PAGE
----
Make sure to call initializer inside Inject.ViewControllerHost(...) or Inject.ViewHost(...). Inject relies on @autoclosure to reload views when hot-reload happens. Example:

let viewController = YourViewController()
rootViewController.pushViewController(Inject.ViewControllerHost(viewController), animated: true)

let viewController = Inject.ViewControllerHost(YourViewController())
rootViewController.pushViewController(viewController, animated: true)

Remember you don't need to remove this code when you are done, it's NO-OP in production builds.

Injection Hook for UIKit

depending on the architecture used in your UIKit App, you might want to attach a hook to be executed each time a view controller is reloaded.

Eg. you might want to bind the UIViewController to the presenter each-time there's a reload, to achieve this you can use onInjectionHook Example:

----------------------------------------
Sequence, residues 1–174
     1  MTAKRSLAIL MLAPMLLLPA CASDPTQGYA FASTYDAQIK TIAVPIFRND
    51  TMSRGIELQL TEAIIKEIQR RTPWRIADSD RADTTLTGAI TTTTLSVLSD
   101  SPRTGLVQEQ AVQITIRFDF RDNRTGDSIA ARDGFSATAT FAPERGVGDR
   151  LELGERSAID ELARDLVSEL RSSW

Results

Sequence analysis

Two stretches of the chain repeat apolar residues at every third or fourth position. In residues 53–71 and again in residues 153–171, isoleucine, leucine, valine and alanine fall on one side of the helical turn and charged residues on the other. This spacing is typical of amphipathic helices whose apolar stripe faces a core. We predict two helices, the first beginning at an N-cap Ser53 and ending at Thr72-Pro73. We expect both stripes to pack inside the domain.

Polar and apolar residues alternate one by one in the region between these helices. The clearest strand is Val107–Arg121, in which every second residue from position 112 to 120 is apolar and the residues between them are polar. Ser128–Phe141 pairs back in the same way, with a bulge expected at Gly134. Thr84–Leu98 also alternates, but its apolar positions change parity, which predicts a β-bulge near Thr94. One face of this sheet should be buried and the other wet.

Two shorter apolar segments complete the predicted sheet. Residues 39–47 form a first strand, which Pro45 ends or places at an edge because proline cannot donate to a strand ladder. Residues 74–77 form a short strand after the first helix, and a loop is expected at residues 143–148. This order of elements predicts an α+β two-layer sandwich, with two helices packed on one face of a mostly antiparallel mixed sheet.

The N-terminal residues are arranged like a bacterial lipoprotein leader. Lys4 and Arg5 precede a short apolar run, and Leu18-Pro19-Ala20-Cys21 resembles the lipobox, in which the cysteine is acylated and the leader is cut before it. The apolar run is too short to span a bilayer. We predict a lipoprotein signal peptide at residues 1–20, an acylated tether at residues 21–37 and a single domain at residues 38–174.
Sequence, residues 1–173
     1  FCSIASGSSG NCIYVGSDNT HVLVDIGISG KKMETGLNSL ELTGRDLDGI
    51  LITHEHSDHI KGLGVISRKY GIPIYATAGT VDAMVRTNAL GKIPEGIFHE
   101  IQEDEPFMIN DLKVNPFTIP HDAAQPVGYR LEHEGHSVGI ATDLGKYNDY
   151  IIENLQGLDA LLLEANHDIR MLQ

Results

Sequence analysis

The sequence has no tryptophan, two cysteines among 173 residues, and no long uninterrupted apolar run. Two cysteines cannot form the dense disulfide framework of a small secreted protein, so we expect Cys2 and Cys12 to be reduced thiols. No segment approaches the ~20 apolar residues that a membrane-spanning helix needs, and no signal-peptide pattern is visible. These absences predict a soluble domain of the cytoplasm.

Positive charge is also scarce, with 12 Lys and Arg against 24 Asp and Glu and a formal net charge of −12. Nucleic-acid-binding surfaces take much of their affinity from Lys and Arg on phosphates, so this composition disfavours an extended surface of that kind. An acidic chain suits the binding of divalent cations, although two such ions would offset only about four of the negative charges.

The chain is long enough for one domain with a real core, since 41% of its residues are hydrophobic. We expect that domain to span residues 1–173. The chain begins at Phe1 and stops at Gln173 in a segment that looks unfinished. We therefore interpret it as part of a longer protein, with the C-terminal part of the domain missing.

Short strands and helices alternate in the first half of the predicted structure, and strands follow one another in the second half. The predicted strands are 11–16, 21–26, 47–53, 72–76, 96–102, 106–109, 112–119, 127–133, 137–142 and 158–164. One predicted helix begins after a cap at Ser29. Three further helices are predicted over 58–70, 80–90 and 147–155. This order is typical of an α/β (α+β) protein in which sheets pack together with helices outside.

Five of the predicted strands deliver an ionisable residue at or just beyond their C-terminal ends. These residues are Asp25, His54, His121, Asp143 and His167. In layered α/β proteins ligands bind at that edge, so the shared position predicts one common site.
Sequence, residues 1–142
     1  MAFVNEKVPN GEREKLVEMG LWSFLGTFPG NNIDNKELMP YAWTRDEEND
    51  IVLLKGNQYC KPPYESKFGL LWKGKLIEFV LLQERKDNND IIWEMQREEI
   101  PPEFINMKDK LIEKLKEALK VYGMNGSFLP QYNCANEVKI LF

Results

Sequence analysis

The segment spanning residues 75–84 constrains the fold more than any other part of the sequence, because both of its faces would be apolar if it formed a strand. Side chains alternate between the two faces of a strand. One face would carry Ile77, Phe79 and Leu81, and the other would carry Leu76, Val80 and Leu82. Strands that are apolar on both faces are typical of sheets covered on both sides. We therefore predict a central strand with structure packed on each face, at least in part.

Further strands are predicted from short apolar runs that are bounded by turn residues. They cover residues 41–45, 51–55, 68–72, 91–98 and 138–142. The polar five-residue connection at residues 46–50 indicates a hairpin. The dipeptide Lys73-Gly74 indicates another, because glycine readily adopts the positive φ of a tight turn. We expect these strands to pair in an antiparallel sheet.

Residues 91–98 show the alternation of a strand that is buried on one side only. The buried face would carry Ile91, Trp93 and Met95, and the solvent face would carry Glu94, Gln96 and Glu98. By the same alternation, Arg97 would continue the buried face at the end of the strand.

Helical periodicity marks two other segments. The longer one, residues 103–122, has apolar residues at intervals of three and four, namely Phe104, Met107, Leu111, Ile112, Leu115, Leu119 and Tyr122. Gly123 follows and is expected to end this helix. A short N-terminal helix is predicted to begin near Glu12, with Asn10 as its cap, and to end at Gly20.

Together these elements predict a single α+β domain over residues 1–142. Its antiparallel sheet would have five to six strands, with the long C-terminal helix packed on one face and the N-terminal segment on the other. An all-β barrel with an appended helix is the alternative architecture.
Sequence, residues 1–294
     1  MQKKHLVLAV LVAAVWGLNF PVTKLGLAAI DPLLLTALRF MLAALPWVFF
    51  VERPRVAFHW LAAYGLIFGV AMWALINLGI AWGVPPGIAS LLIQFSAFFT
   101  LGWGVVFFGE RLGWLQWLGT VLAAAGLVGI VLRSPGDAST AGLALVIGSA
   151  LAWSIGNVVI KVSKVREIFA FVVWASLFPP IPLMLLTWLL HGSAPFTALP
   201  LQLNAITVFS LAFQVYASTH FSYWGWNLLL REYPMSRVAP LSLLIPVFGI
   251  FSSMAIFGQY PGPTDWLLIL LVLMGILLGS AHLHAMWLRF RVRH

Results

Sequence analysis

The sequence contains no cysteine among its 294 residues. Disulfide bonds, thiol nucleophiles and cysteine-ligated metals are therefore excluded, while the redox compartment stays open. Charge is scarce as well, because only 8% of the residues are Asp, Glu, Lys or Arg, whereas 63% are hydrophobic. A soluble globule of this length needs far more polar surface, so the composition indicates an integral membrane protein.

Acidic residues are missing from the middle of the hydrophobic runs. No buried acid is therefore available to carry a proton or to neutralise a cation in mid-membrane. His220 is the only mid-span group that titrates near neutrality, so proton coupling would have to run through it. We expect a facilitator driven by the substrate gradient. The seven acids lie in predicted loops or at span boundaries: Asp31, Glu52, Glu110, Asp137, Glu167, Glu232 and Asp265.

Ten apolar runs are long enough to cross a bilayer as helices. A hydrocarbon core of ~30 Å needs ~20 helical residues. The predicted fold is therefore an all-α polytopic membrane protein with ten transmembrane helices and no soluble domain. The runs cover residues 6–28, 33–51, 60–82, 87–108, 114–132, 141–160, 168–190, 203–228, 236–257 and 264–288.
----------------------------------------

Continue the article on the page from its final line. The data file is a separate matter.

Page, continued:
myView.onInjectionHook = { hostedViewController in
//any thing here will be executed each time the controller is reloaded
// for example, you might want to re-assign the controller to your presenter
presenter.ui = hostedViewController

iOS 12

You need to add -weak_framework SwiftUI to Other Linker Flags for iOS 12 to work.

The Composable Architecture

If like myself you love PointFree Composable Architecture, you’d probably want to inject reducer code, this isn’t possible in vanilla TCA because reducer code is a free function which isn’t as straightforward to replace with injection, but our fork at The Browser Company supports it.